Minorities taking money elsewhere

North Carolina businesses are missing out on billions in revenue from minority customers, according to a set of studies presented to a Charlotte Chamber audience Wednesday.

James Johnson, the studies' co-author and an entrepreneurship professor at UNC Chapel Hill, told a crowd of about 100 people that state and local businesses are not meeting the needs of the state's Hispanic and black consumers, who spent $1.1 billion and $5.2 billion respectively in other states instead of in North Carolina in 2004.

“There is literally millions of dollars in African American and Hispanic purchasing power that is leaking out of this very county,” Johnson said. “If you could find a way to meet the need of these consumers, imagine what it could do for Mecklenburg County's economy and its people.”

Johnson said the first step in recapturing that revenue for local business owners is to realize the power existing in the minority market. He then recommends creating focus groups to identify how minorities' consumer preferences could be met locally.

“A lot of the time it is not just the things they can buy, but also how they are treated when they walk in a store that impacts where they are spending,” he said.

According to the studies, African American consumers had an economic impact of $8.1 billion in the Charlotte area in 2004, and their economic activity was linked to 69,200 jobs. Hispanic spending created $2 billion in business revenue in 2004 and was linked to 16,900 jobs. In 2004, there were roughly 750,000 people employed in the Charlotte area, according to state figures.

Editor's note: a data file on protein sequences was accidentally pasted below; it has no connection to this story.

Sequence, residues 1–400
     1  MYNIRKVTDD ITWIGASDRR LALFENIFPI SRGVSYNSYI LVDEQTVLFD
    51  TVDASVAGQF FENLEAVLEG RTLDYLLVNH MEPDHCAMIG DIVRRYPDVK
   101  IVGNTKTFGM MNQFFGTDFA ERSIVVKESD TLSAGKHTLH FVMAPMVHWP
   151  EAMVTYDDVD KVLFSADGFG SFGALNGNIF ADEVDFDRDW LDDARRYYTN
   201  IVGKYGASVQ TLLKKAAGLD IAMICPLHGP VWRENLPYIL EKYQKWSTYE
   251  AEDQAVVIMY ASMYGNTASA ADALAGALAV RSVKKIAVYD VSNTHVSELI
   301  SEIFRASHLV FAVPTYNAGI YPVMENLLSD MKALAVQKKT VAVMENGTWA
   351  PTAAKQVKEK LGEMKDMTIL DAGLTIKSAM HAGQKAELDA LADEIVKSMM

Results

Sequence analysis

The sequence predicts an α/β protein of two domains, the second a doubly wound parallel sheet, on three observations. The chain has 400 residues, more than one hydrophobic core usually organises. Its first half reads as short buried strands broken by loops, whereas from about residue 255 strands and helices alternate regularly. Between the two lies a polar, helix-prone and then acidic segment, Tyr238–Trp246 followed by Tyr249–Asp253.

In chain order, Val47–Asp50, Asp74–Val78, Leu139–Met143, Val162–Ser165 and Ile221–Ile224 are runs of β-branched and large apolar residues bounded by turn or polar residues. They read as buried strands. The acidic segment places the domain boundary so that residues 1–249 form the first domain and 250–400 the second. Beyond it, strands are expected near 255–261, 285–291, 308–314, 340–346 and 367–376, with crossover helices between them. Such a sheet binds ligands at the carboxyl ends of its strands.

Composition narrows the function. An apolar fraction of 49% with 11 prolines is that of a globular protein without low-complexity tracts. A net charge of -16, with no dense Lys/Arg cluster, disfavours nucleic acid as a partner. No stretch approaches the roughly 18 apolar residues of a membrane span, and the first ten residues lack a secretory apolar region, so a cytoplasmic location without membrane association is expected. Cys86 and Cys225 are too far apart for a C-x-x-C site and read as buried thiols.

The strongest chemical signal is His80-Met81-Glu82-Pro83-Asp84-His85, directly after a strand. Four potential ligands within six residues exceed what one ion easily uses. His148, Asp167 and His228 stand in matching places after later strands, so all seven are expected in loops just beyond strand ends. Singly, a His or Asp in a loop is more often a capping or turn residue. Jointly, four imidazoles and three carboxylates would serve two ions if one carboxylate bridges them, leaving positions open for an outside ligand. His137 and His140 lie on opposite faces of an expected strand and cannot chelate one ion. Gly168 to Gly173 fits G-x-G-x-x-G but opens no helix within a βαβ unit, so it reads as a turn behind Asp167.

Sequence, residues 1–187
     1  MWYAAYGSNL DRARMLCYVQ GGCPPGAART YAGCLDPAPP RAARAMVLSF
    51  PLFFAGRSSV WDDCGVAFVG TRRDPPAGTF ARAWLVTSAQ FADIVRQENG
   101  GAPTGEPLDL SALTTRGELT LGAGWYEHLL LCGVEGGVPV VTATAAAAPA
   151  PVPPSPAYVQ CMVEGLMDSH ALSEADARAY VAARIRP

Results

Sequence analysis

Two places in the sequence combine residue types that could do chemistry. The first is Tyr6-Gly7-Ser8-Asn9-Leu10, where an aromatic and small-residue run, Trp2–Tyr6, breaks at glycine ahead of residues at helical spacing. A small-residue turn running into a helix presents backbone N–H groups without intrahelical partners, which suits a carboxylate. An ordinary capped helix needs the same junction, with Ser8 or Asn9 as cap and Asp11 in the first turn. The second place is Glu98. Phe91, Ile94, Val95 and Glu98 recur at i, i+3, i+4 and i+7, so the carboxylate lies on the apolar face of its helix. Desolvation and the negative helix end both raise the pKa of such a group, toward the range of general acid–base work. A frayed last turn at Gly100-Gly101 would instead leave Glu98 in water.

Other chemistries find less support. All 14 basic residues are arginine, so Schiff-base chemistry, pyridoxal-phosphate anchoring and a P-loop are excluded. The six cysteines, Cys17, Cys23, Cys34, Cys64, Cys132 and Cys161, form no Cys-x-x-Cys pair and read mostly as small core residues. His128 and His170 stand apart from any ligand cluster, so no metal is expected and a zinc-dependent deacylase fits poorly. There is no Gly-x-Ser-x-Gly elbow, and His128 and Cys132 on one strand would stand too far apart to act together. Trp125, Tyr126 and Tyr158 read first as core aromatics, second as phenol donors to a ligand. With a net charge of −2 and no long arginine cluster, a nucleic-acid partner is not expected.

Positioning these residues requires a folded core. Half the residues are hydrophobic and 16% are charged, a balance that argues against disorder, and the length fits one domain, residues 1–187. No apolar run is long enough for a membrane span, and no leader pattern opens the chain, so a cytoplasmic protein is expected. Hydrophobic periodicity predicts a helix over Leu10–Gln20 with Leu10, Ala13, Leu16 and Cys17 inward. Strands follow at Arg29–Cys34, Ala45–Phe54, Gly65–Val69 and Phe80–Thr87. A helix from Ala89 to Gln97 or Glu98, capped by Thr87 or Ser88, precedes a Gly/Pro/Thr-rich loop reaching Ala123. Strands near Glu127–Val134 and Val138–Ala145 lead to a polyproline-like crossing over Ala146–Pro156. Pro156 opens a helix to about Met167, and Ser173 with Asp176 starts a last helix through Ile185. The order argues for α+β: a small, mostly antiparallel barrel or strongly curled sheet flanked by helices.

North Carolina has the eighth largest black population and the fastest growing Hispanic population in the country.

Andrea Harris, president of the N.C. Institute for Minority Economic Development, which partnered with the Charlotte Chamber of Commerce to host the event, said Johnson's research was particularly important for a city as diverse as Charlotte. According to 2006 U.S. census data, 30 percent of Mecklenburg County residents are black and 10 percent are Hispanic.

“When people talk about diversity, we are the place,” Harris said. “If we can't get it right, no one can.”

Mary Tribble of the Charlotte Chamber of Commerce Diversity Council said having Johnson speak is part of the Chamber's continued efforts to increase the attention given to minorities in business.

“By having a real discussion of these issues, the Chamber can increase its relativeness to the community and show its members how to improve their business methods and tap into these markets,” Tribble said.

Teresa McDow said she planned to use information from the forum to help minorities and small businesses, which she works with through educational programs run by Mecklenburg County.

“Small businesses especially need to know about the economic impact the Latino and African American community can have,” she said.